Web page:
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Health Information Technology (HIT) Interoperability
Robin Cavanaugh Headshot

By: Robin Cavanaugh

Robin Cavanaugh drives innovation and technology strategy for GetWellNetwork. A company veteran of nearly 20 years, his vision and expertise have been integral in the company’s evolution to become the leader in patient engagement technology. Responsible for R&D, product architecture and development, he steers solutions from prototype to production and creates scalable, integrated systems.

Building for Humans: The role of human-centered design in the hospital setting (part 3 of 3)

Building for Humans: The role of human-centered design in the hospital setting (part 3 of 3)

PATIENT ROOM OF THE FUTURE SERIES

So your hospital has decided to build its own “patient room of the future.” Congratulations! You’ve obtained the necessary buy-in and funding to infuse it with the latest and greatest innovations. Now what—where should you start?

Start with the humans.

Technology is certainly the star of the show in next-generation environments. But it becomes a burdensome layer of complexity for patients and clinicians if the human impact—that is, how these emerging technologies will be usable and useful in meeting the needs and requirements of its users—isn’t considered from the start. In fact, it should guide your whole strategy.

This creative approach to problem-solving is known as human-centered design. In a hospital setting, it starts with the people you’re designing for—looking closely at how the environment can promote their healing and comfort—and finishes with solutions tailored to their needs.

The promises of the modern patient room are plentiful, from transforming care delivery and patient experiences to improving operational workflows and hospital design.

Sure, it expands the possibilities for personalizing care, contributes to higher satisfaction scores, and improves costs, quality of care and outcomes. But only if its blueprints anchor upon the realities of the people expected to use it: clinicians, patients and families. A truly forward-looking plan for success begins and ends with a “humans first” focus.

Following on parts one, Enhancing the Hospital Experience and two, Bringing a Smart Patient Room to Life, this final installment of the patient room of the future series goes beyond the technology. This time, we’ll look at:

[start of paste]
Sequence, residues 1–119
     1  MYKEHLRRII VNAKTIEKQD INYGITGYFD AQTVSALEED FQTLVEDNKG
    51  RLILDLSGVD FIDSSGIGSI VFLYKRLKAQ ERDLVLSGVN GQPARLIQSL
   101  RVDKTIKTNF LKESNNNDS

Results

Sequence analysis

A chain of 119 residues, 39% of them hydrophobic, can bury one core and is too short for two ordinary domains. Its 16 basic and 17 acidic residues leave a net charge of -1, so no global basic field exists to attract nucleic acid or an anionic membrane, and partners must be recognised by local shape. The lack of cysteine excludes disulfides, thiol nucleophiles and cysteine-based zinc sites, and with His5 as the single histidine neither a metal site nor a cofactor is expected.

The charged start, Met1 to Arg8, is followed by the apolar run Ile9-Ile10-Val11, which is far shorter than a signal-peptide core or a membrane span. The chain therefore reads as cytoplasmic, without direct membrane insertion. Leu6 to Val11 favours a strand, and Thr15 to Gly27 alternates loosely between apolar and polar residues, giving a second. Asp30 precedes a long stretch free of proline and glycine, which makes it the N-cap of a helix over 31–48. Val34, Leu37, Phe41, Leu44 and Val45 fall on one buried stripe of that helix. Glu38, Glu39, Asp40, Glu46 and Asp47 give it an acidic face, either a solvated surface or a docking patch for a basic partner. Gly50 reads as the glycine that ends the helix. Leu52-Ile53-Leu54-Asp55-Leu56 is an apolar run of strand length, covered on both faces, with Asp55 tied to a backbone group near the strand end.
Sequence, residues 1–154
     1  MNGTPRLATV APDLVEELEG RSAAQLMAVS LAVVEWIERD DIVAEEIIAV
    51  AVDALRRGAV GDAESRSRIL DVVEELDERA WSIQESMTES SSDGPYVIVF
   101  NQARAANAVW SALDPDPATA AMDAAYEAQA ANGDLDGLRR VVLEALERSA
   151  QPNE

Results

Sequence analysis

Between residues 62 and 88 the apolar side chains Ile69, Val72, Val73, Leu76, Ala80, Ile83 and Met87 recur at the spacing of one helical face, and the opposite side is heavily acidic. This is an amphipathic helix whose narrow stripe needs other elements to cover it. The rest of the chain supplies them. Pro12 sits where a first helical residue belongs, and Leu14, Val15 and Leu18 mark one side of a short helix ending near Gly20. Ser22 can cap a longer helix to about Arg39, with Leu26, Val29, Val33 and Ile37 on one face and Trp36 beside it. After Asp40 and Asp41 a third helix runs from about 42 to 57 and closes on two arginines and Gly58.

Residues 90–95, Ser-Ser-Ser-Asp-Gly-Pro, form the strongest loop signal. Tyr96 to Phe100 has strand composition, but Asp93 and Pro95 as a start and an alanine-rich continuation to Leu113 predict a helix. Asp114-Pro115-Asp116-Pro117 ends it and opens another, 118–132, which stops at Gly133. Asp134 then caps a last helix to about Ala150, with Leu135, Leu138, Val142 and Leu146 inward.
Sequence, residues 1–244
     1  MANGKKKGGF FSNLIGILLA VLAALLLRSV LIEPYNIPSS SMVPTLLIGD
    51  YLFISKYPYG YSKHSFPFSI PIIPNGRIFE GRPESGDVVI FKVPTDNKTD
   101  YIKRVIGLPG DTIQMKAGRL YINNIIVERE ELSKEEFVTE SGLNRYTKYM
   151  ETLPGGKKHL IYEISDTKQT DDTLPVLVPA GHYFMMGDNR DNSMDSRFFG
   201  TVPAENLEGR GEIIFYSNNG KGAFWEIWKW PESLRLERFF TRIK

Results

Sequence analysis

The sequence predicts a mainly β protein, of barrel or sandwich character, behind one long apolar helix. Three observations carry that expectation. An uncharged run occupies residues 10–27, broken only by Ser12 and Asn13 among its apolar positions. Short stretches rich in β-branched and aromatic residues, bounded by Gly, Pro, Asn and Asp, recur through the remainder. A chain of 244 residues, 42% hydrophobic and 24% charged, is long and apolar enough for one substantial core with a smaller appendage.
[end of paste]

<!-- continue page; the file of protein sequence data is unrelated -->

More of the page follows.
• What it means to “digitize” health care from a human-centered perspective
  • The role of physical space design as an element of care
  • How healing environments restore a sense of control to patients
  • How a digital patient experience positions hospitals to transform care delivery

No place like home

As Dorothy observed in the Wizard of Oz, “There’s no place like home.” The proclamation rang true for the displaced ruby-slippered girl from Kansas and is undoubtedly relatable for hospitalized patients.

Typically, home is a place where we can relax. It’s familiar. All our favorite “stuff” surrounds us, whether that’s a comfy bed, a favorite chair or a loyal dog. The average hospital room? Well, it has none of these comforts.

Inpatient rooms are usually uncomfortable and often stressful. Neither of these feelings is particularly effective in promoting healing or well-being. Typically cramped hospital layouts with hallways littered with computers on wheels actually create feelings of disconnectedness for everyone.

There are even studies that show a patient’s surroundings can either speed recovery or amplify an illness. With clinical staff usually stretched thin, ensuring comfort isn’t always easy to prioritize over medical needs.

The patient room of the future factors in environmental design as an element of care. By converging digital technologies and thoughtfully designed care spaces, hospitals are creating rooms that give patients choice, control and comfort—key components in the healing process. They’re able to enhance efficiency and empower patients, families and clinicians by removing barriers to natural human connections.

KEEP READING: Click below to continue reading about healing environments as an element of care. Find out how University of Minnesota Masonic Children’s Hospital and Medical University of South Carolina are putting humans first. 

Robin Cavanaugh Headshot

By: Robin Cavanaugh

Robin Cavanaugh drives innovation and technology strategy for GetWellNetwork. A company veteran of nearly 20 years, his vision and expertise have been integral in the company’s evolution to become the leader in patient engagement technology. Responsible for R&D, product architecture and development, he steers solutions from prototype to production and creates scalable, integrated systems.

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